As its main mitigative measure related to hiring, VBNC commits to applying the "adjacency principle." This principle gives first priority to residents "located in communities which are adjacent to the Company's mine/mill and smelter/refinery operations." During the hearings, VBNC said it would give preference first to qualified members of the Labrador Inuit Association (LIA) and the Innu Nation, then qualified residents of Labrador followed by qualified workers from the island portion of the province. VBNC says it is negotiating the details of the adjacency principle in the impact and benefit agreements (IBAs) and is committed to contracting only companies who would abide by the principle.
VBNC also committed itself during the hearings to considering people's life experience as a basis for employment eligibility. It acknowledged that workers could bring many transferable skills from experience without meeting formal educational requirements. The development of a personal inventory of skills is part of the search and recognition program being delivered under the Multi-Party Training Plan discussed in Section 15.1.1.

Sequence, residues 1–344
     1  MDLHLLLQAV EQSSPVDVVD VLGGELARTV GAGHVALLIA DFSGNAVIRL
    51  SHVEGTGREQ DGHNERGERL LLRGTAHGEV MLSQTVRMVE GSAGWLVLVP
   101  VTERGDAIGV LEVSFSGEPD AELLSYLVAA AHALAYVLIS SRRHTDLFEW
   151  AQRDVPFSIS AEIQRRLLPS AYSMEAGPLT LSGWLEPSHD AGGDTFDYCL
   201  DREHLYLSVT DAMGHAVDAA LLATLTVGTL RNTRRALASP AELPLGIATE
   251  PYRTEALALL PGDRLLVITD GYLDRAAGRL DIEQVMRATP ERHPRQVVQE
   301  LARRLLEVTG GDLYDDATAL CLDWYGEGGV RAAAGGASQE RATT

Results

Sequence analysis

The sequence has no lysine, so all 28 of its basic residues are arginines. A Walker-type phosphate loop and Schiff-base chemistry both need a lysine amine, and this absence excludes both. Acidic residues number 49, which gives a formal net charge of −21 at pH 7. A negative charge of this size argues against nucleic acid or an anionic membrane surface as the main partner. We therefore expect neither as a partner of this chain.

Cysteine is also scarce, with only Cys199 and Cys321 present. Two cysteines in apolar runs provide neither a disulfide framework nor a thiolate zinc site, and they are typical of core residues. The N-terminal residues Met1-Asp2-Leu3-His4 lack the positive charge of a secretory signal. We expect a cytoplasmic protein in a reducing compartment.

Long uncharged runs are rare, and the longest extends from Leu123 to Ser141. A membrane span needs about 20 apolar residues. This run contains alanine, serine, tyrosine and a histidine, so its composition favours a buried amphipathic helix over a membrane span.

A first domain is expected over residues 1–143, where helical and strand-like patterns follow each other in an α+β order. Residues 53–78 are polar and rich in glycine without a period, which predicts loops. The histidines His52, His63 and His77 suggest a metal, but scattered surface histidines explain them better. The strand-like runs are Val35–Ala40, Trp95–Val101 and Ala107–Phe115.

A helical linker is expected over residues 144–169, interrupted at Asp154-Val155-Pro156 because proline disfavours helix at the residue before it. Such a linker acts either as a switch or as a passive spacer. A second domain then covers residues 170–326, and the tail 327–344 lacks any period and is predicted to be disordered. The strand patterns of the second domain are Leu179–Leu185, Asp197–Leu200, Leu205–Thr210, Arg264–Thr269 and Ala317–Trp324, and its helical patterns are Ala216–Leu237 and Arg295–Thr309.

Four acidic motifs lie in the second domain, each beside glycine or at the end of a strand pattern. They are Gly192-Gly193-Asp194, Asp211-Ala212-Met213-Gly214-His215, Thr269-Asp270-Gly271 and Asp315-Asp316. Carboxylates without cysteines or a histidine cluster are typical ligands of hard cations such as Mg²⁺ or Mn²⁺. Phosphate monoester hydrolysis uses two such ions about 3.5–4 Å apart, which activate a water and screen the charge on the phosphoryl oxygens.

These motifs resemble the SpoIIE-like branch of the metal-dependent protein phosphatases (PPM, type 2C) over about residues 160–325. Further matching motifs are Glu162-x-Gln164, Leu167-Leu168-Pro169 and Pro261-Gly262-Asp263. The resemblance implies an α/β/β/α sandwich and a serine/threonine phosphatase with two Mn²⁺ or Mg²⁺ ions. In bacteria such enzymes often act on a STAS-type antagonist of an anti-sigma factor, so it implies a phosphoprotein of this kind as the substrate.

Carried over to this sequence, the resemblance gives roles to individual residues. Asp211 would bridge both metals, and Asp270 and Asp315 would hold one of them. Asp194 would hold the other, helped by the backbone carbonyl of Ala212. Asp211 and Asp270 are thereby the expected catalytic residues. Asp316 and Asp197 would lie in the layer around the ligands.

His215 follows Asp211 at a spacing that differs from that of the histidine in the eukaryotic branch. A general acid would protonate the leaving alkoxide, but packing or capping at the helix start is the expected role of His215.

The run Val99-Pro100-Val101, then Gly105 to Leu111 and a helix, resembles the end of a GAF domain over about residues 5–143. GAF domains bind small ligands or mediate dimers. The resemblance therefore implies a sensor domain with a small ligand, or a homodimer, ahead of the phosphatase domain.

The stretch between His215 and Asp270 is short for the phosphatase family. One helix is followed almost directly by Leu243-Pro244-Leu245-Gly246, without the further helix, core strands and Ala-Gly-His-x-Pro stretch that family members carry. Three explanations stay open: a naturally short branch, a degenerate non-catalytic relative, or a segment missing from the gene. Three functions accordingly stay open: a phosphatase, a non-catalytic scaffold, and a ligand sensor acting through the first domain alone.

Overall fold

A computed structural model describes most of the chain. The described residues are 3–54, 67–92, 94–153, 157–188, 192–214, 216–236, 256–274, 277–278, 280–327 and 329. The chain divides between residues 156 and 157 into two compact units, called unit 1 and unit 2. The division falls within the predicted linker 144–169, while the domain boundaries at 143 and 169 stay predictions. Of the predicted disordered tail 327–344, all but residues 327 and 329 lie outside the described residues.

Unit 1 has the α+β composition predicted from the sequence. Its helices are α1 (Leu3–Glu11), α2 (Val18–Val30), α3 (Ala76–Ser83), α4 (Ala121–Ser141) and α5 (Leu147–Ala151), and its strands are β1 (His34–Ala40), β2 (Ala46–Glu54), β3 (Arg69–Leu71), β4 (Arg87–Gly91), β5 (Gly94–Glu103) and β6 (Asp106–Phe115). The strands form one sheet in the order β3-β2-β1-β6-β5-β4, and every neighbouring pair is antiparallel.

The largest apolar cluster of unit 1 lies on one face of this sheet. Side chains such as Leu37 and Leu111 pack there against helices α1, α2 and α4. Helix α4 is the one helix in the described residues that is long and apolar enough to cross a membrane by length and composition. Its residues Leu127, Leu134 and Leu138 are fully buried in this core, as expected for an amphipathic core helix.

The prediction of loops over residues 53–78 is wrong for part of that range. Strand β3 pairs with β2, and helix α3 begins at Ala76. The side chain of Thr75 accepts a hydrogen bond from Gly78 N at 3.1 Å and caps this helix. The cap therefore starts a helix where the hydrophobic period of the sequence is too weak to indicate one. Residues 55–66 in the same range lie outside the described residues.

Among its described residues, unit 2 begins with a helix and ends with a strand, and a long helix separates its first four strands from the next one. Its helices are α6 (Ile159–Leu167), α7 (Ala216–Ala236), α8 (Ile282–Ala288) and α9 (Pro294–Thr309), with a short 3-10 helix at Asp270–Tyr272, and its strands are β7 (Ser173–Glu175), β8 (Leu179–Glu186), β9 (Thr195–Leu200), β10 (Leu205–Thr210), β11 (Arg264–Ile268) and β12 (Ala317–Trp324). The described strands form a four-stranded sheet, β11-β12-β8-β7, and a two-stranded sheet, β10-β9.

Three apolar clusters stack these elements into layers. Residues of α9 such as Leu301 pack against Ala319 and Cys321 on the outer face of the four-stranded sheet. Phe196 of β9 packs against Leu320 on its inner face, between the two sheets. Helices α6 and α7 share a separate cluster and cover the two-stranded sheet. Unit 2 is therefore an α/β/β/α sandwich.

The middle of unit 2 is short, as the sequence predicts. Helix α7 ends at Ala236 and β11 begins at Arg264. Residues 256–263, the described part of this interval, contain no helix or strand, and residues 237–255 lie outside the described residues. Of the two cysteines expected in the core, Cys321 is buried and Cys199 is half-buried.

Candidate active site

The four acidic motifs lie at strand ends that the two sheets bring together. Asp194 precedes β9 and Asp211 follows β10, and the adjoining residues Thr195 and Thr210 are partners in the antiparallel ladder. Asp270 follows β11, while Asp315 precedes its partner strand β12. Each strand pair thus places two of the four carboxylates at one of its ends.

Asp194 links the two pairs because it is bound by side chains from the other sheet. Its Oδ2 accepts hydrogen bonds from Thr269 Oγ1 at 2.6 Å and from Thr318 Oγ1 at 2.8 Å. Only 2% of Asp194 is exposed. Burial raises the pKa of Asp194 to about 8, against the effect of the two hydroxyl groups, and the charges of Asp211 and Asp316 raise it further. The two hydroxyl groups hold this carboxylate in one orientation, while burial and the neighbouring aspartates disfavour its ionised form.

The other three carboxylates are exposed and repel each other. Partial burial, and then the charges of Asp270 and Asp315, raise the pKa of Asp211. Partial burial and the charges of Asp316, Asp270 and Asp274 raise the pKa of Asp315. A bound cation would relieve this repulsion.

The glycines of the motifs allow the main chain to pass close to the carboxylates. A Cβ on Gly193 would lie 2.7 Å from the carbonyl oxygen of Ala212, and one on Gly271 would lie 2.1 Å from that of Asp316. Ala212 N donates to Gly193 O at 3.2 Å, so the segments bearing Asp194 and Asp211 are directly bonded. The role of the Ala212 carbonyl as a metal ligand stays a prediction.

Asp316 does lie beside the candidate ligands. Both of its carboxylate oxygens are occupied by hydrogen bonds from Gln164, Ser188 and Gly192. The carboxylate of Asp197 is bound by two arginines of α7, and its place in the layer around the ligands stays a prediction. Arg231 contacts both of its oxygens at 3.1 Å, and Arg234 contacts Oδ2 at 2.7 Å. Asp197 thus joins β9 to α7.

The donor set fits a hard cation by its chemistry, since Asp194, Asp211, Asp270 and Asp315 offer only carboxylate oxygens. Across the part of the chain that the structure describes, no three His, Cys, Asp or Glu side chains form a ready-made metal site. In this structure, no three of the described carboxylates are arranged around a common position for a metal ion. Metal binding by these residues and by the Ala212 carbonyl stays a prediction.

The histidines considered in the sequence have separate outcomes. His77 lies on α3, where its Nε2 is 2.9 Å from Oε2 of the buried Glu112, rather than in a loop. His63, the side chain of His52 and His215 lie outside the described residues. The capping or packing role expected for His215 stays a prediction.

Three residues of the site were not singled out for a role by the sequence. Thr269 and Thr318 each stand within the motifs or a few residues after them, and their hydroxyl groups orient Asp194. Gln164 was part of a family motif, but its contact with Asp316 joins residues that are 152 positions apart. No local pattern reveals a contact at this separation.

VBNC stated on a number of occasions that it would require contractors and subcontractors to adhere to its policies regarding employment but did not say how it would monitor contractors' compliance.
VBNC also indicated that it would monitor "the numbers and types of workers employed." In the public technical session on training and labour, it also pointed out that the Province would require quarterly reports on VBNC's employment and business procurement figures.
15.1.1 Training Opportunities